Creating multiple escrows for areas of potential conflict in M&A deals is a relatively new tactic but there’s evidence of their benefit as market conditions make deals more contentious, says Kip Wallen, a senior director at SRS Acquiom, a firm that looks after shareholder interests in deals.
“Having separate escrows and thinking through that escrow structure to better align with the intent of the parties can go a long way in maintaining that positive relationship,” Wallen said in a webcast hosted by Today’s General Counsel.
Two years ago, the M&A market was red hot and buyers often downplayed due diligence to get to contract signing before a competing buyer did. “Due diligence wasn’t being focused on as much as in regular markets,” he said.
Two years later, as companies reach the end of the survival period for many of these deals, buyers are experiencing remorse as they watch target company valuations drop.
Complaining that they paid too much isn’t going to get them very far so instead they’re digging into the books and looking for inaccurate claims the sellers made during the transaction.
“They might try to make it look like something the seller said wasn’t an entirely accurate reflection of the actual business,” said Elisheva Paton, a senior director at SRS Acquiom. “Like, the number of contracts or clients a company had wasn’t accurate, or they’re looking at expenses with a fine-toothed comb and finding something wasn’t right.”
The typical go-to for any claims of the buyer is a general indemnification escrow that they would set up as part of the acquisition agreement.
The size of the escrows is typically correlated with whether or not the buyer has taken out representation and warranty insurance. If they have the insurance, the median escrow size is 0.5% of the transaction amount; if they don’t, the median is 2.5%, Acquiom data for 2022 shows.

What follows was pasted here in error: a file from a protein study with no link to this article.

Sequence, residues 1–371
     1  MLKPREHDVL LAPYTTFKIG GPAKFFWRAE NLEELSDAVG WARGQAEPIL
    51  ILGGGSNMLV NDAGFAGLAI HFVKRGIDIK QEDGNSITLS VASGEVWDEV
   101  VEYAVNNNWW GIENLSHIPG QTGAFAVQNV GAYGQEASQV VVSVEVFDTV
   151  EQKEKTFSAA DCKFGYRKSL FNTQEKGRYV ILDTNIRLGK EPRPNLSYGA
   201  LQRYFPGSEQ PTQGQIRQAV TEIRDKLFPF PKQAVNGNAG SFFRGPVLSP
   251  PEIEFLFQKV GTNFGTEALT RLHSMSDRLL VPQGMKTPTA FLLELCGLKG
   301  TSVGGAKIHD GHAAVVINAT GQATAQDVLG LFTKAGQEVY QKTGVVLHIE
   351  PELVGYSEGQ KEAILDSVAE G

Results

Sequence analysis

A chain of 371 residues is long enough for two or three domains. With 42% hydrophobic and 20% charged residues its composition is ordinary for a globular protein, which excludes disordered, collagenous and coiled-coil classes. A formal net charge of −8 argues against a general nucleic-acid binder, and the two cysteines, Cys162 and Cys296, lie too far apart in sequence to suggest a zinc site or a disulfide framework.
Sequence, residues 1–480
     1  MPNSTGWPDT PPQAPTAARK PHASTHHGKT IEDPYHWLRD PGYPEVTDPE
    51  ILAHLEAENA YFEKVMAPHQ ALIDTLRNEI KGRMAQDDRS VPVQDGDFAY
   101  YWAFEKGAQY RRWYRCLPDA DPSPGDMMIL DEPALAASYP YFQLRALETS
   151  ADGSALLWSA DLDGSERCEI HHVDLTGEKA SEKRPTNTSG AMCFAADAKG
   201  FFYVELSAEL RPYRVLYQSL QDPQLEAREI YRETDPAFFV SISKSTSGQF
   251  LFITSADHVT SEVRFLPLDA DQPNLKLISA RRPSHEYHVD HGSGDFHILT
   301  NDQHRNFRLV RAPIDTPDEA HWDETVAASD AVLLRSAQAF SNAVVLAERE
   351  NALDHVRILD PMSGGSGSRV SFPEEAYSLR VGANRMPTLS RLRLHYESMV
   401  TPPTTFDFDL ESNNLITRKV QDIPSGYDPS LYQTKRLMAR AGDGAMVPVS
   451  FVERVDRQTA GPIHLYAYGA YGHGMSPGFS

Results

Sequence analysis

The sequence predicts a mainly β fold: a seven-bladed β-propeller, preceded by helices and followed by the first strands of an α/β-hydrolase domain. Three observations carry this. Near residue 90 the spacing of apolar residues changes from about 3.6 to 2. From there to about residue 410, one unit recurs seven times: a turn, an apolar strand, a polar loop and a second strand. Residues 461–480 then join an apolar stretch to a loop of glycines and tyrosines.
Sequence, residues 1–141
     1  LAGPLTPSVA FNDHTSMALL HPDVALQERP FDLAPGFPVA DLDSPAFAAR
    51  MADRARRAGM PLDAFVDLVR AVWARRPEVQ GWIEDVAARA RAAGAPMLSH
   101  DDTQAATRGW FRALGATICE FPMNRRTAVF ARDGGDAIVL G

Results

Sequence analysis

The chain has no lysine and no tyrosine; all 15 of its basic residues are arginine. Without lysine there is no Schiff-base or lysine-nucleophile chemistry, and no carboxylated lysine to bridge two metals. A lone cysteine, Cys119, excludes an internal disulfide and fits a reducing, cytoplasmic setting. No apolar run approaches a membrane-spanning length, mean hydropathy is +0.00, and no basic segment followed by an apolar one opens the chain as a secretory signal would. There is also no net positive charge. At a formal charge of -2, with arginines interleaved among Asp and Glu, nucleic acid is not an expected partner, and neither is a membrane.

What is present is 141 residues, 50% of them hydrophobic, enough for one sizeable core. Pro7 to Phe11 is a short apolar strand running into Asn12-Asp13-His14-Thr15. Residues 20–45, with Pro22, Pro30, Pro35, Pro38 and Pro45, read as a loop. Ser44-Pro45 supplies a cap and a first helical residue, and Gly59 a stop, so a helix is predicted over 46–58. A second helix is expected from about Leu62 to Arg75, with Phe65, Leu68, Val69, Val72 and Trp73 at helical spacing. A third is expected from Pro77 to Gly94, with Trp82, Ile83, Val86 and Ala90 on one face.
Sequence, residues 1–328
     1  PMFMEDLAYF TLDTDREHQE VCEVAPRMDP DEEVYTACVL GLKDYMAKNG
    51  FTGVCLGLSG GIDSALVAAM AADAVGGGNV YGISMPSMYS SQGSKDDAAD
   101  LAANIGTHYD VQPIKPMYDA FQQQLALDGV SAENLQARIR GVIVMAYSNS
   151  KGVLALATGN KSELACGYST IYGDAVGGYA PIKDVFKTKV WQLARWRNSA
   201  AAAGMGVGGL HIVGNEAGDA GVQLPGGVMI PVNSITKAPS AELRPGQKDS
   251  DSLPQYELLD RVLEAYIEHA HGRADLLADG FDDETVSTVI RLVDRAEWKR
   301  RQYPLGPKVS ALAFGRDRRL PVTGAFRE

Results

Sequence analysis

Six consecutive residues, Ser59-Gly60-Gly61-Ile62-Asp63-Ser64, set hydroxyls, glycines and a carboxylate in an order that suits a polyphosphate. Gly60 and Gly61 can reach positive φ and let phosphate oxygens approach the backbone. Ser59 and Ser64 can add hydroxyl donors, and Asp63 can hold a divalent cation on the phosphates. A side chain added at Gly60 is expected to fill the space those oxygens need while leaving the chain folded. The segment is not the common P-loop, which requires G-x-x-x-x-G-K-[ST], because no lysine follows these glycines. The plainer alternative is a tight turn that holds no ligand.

But the escrows can get much bigger than that, with about 40% of deals having escrows as high as 15% in 2022. That includes deals with rep and warranty insurance.
Those oversized escrows could be buyers trying to ensure they have a pool of funds they can leverage to recoup some of the purchase price. “Sometimes parties will instead just pad the general indemnity escrow,” Wallen said. “That is a valid approach.”
But post-closing it can roil the waters, especially if the buyer is holding up an escrow of, say, $10 million as leverage over a claim of $1 million to $2 million.
“The buyer might … refuse to release any of the escrow until that smaller claim [is satisfied],” Wallen said.
A strategy like that can do more harm than good if it leads to expensive litigation or it hurts the morale of employees of the target company whose expertise is needed to execute the business plan, especially if the buyer saw the acquisition strictly in financial terms and not as a strategic buyer planning to stay in the business long-term.
“You want those employees to feel motivated and not feel like they’re being taken advantage of by the buyer, who’s making frivolous claims,” said Paton. “The buyer has to be careful and selective in the types of claims they’re going to assert.”
It might be too late for deals that have already closed, but going forward, structuring transactions with multiple escrows can be a way for both sides to manage differences during the survival period.
“In the current market, we’re seeing parties take the time to customize the structure of the indemnification provisions and the escrows, particularly to match the particulars of the deal,” said Wallen. “It’s being driven by the more robust due diligence we’re seeing buyers conduct in the last 18 months or so — more and larger escrows. Because the due diligence is more thorough, buyers are uncovering more yellow and red flags, asking for larger escrow amounts as security for what they view as heightened risk post-closing.”
“You might have a separate escrow for the purchase price adjustment,” he said. “Maybe there’s a known indemnification for a litigation matter. Maybe they’re setting aside a pool of money for local and state tax issues — even deals that have that rep and warranty insurance. Because the buyer has recourse against that insurance policy, it might be an argument you don’t need as big of an escrow for indemnification purposes, but there are still all these other post-closing mechanics, like the purchase price adjustment.”
Last year, after the market started cooling, some 90% of deals had at least one escrow, but more than half had two or more.
“So, we’re actually seeing a higher prevalence of these special escrows,” he said. “A third of deals have escrows beyond just the general, and a pretty common separate escrow for a purchase price adjustment. So, we’re seeing more bespoke custom structures.”